tue 28/06/2022

Solomon Burke, c 1940-2010 | reviews, news & interviews

Solomon Burke, c 1940-2010

Solomon Burke, c 1940-2010

He was the man who Jerry Wexler, co-founder of Atlantic Records, thought was the greatest soul singer of them all and "a salesman of epic proportions". Nearly 30 stone when he died, he fathered 21 children (and is reported to have had 90 grandchildren). He was born in Philadelphia in 1936, 1938 or 1940 according to differing reports and made his mark as a preacher before becoming a song-writer and performer. He also had a job as an undertaker and ran a mortuary business in Los Angeles having worked in his uncle's funeral parlour, and was a gospel radio DJ.

Among his classic songs were "Everybody Needs Somebody to Love", which Jerry Wexler got a co-writing credit for, which was covered by The Rolling Stones and used in the film The Blues Brothers, and "Down in the Valley" covered by Otis Redding among others (see videos below). Burke never quite managed to break into the mainstream in the way the likes of Redding or Sam Cooke did - out of scores of singles, most only reached the lower end of the chart, at best, and by 1972 even these minor hits had dried up.

He always retained enormous cachet in the music business and had fanatical followers. His profile was increased by appearing as Daddy Mention in the 1987 film The Big Easy and he was mentioned throughout Nick Hornby's 1995 book High Fidelity. He was inducted into the Rock and Roll Hall of Fame in 2001, while 2002's Don't Give Up on Me was an album where he sang songs specially written for him by the stellar likes of Brian Wilson, Bob Dylan, Elvis Costello, Van Morrison and Tom Waits. The album revived his career and he was able to sell out, for example, a couple of shows at the Royal Albert Hall in 2005. He had fans in the Vatican - singing there more than once for Popes John Paul and Benedict at their Christmas celebrations.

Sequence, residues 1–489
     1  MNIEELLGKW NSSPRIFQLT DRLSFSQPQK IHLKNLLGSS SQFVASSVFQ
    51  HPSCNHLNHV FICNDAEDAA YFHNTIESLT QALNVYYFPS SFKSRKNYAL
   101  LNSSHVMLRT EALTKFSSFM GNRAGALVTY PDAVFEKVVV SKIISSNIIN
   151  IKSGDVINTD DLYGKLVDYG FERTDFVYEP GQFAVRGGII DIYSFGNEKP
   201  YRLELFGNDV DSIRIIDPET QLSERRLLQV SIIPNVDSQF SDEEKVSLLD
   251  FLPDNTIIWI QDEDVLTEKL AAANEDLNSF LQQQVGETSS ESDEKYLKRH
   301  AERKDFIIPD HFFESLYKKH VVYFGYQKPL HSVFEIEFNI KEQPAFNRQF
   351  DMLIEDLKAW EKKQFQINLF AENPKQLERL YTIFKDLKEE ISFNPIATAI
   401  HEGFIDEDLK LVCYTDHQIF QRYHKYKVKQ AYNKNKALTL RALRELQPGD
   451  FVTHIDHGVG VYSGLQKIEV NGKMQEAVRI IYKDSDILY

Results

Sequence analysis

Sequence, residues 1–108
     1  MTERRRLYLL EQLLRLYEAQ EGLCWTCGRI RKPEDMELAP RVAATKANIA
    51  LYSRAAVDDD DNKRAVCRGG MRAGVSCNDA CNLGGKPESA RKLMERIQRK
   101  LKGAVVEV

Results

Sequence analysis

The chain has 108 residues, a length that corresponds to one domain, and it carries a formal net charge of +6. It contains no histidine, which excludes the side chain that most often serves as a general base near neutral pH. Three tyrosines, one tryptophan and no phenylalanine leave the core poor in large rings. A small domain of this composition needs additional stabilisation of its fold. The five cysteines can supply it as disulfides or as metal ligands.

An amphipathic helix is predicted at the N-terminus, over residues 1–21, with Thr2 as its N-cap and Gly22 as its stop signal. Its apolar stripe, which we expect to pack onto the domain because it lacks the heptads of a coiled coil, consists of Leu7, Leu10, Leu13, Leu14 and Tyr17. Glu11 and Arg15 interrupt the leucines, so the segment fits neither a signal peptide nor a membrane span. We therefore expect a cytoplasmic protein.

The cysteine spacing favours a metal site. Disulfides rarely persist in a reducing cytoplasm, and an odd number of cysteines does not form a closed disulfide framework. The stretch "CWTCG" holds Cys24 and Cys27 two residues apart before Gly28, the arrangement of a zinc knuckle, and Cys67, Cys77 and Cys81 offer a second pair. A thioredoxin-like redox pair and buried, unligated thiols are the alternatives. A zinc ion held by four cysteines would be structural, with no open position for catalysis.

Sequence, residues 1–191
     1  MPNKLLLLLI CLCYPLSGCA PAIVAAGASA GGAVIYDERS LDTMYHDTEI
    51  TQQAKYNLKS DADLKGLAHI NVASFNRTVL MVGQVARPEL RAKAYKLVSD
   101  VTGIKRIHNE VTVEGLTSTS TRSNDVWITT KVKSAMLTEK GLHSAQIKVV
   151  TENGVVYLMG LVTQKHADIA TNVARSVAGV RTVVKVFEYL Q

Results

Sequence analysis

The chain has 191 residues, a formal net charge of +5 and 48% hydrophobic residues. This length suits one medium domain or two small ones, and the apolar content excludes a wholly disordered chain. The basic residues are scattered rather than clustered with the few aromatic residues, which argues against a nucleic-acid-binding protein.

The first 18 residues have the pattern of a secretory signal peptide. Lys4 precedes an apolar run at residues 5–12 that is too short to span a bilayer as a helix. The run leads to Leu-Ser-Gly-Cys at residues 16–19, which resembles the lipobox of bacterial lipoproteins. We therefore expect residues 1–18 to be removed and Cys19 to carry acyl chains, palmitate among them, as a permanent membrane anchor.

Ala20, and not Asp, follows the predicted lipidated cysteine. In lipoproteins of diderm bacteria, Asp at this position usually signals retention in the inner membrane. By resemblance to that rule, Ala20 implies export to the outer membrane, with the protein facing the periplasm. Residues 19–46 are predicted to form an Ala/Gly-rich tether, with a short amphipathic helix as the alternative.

A short video tribute from theartsdesk to a giant of a man, who died yesterday at Schiphol Airport in Amsterdam, is below.

Above, "None of us are Free", with the Blind Boys of Alabama:

"None of us are free/ If one of us is chained/ None of us are free"

Above, "I Can't Stop Loving You", a song Ray Charles had a huge hit with in 1962:

Above, "Down In The Valley", a Solomon Burke composition covered by Otis Redding on 1965's Otis Blue:

Above, "Everybody Needs Somebody to Love", one of his songs covered by The Rolling Stones and Wilson Pickett, among others:


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